from The Century Dictionary.

  • noun Personal service or attendance; homage.

from the GNU version of the Collaborative International Dictionary of English.

  • noun Obs. or Scots Law Homage or service rendered to a superior, as to a lord; vassalage.

from Wiktionary, Creative Commons Attribution/Share-Alike License.

  • noun Homage.
  • noun Vassals collectively; the supply of men a lord can called upon in time of warfare.
  • noun The position of leader among fighting men; the conduct (of an army).
  • noun rare Carnal intercourse.
  • noun Scotland The solemn undertaking to be one's faithful supporter, and the obligation so constituted.
  • noun mythology primal substance of the Universe


from Wiktionary, Creative Commons Attribution/Share-Alike License

From Middle English manred, manrede, from Old English manrǣden ("dependence, homage, service, tribute, due"), equivalent to man +‎ -red.


  • Þa was þe eorl under {} fangen æt Wincestre ⁊ æt lundene mid micel wurtscipe. ⁊ alle diden hi {m} manred. ⁊ suoren þe pais to halden. ⁊ hit ward sone suythe god pais. sua ð neure was here.

    Selections from early Middle English, 1130-1250 Part I: Texts

  • Hi hadden hi {m} manred maked ⁊ athes suoren. ac hi nan treuthe ne heolden. alle he wæron for {} sworen and here treothes for {} loren. for æuric riceman his castles makede ⁊ agænes hi {m} heolden. ⁊ fylden þe land ful of castles.

    Selections from early Middle English, 1130-1250 Part I: Texts

  • And therefore wee are to understande that Phillippe rather governeth in the West Indies by opinion, then by mighte; ffor the small manred of Spaine, of itself being alwayes at the best slenderly peopled, was never able to rule so many regions, or to kepe in subjection such worldes of people as be there, were it not for the error of the Indian people, that thincke he is that he is not, and that doe ymagine that Phillippe hath a thousande Spaniardes for every single naturall subjecte that he hath there.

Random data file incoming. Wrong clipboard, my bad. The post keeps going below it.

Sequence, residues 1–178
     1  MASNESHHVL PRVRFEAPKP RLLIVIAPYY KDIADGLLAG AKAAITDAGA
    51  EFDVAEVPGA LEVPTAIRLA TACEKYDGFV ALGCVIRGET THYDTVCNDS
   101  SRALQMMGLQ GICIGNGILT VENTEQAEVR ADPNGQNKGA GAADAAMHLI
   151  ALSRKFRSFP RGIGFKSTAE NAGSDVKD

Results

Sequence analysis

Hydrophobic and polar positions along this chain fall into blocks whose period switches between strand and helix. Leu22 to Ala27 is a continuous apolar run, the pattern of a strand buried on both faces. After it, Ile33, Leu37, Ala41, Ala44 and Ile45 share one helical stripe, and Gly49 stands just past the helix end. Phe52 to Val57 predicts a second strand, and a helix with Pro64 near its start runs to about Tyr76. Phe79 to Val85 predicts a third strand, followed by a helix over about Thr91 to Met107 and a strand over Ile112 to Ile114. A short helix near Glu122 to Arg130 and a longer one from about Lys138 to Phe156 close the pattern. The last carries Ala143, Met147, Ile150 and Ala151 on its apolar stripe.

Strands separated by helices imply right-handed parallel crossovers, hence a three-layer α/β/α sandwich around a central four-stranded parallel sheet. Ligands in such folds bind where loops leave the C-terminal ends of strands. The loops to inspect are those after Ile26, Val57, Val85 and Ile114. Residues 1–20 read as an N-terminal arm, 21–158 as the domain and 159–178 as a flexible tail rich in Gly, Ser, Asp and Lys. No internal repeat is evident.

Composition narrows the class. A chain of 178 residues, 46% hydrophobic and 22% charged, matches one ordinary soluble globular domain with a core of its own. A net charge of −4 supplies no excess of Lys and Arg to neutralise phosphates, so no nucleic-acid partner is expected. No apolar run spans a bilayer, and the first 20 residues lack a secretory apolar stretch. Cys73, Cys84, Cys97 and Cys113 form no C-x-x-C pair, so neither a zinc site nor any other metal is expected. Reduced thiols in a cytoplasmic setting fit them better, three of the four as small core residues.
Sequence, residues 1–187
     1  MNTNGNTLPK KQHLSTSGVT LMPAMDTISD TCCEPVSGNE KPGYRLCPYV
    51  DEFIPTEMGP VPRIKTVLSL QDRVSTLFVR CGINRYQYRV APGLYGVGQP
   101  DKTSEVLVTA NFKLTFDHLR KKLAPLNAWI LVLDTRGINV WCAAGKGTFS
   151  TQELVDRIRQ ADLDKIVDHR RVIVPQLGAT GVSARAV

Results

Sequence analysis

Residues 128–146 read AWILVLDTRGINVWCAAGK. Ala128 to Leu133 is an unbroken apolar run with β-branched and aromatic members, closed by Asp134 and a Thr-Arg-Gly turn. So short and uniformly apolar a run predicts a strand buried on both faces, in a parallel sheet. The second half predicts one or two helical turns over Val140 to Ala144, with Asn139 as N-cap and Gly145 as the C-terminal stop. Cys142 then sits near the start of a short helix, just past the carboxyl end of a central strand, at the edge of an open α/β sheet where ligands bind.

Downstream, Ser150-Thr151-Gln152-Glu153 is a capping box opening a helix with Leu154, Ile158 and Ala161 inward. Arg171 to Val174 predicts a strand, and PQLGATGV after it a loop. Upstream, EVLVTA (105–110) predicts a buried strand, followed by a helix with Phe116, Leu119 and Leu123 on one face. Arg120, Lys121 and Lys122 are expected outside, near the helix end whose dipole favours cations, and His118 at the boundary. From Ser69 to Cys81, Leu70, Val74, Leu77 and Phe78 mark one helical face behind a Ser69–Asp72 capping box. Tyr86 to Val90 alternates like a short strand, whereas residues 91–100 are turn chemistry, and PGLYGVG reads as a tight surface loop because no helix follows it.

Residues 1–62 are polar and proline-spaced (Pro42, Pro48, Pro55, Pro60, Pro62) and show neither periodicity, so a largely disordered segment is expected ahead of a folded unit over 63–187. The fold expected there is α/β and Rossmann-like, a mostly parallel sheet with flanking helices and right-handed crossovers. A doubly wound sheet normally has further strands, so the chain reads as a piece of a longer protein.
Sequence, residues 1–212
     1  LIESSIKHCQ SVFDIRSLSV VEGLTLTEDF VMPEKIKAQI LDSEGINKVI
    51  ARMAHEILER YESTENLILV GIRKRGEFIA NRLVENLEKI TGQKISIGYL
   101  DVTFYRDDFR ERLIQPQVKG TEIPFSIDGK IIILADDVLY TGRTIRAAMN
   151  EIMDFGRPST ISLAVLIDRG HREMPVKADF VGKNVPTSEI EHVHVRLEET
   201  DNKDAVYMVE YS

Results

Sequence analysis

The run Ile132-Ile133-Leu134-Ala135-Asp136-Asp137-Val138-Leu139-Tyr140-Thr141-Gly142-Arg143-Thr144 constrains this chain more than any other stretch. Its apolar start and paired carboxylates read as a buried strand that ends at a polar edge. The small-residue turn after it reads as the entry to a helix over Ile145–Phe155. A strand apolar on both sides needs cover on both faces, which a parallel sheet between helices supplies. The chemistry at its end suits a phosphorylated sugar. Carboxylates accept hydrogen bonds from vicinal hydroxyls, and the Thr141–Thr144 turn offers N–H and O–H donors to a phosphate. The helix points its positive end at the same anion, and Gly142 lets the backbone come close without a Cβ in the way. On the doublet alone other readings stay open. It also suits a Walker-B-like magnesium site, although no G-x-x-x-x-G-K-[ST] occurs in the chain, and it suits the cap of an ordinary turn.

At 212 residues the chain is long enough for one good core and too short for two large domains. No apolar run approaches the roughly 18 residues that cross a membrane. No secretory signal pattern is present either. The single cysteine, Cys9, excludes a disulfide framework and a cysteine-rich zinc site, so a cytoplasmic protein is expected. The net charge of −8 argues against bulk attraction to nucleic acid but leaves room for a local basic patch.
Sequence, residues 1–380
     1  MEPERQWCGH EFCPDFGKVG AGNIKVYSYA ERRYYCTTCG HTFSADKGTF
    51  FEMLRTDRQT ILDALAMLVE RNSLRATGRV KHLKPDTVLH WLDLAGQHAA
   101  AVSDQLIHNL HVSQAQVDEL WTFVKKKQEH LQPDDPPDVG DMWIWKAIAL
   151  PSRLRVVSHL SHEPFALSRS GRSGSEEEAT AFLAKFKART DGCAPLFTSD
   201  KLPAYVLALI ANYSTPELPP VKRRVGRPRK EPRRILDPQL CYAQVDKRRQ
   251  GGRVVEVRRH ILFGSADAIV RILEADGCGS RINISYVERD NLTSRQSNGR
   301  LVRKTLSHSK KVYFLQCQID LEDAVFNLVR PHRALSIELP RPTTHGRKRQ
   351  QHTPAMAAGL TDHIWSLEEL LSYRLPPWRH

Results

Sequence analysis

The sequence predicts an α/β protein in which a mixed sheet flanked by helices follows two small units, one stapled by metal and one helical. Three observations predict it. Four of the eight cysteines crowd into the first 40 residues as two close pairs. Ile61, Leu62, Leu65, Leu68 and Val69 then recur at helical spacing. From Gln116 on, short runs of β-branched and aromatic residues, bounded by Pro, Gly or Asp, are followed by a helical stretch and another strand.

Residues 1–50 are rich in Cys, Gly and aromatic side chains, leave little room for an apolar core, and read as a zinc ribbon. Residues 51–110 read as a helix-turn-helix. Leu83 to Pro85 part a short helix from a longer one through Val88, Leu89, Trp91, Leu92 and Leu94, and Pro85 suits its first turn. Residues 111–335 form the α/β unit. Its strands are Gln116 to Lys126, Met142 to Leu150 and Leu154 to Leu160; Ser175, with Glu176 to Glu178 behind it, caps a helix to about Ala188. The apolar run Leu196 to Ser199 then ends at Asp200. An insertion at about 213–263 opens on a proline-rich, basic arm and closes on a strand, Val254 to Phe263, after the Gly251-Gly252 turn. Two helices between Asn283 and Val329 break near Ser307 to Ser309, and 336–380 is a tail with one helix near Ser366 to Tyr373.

The Principal Navigations, Voyages, Traffiques and Discoveries of the English Nation. Vol. XIII. America. Part II.


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  • See manrent. Also in OED:

    1. In the 16th and 17th centuries chiefly Sc. The state or condition of subordination or subjection to another; homage, vassalage, the undertaking or obligation of a vassal to support a patron faithfully; = MANRENT n. 1. Freq. in to do (also make, take) manred. Obs.

    2. Feudal Law. The service or payment rendered by a tenant to an owner. rare. Now hist.

    3. a. Vassals collectively, a body of retainers; the men whom a lord could call upon in time of war; = MANRENT n. 2. Hence gen.: a supply of men for military purposes. In the 16th and 17th centuries chiefly Sc. Now hist.

    b. The position of leader of a body of fighting men; the leadership of a body of retainers. Obs.

    August 14, 2008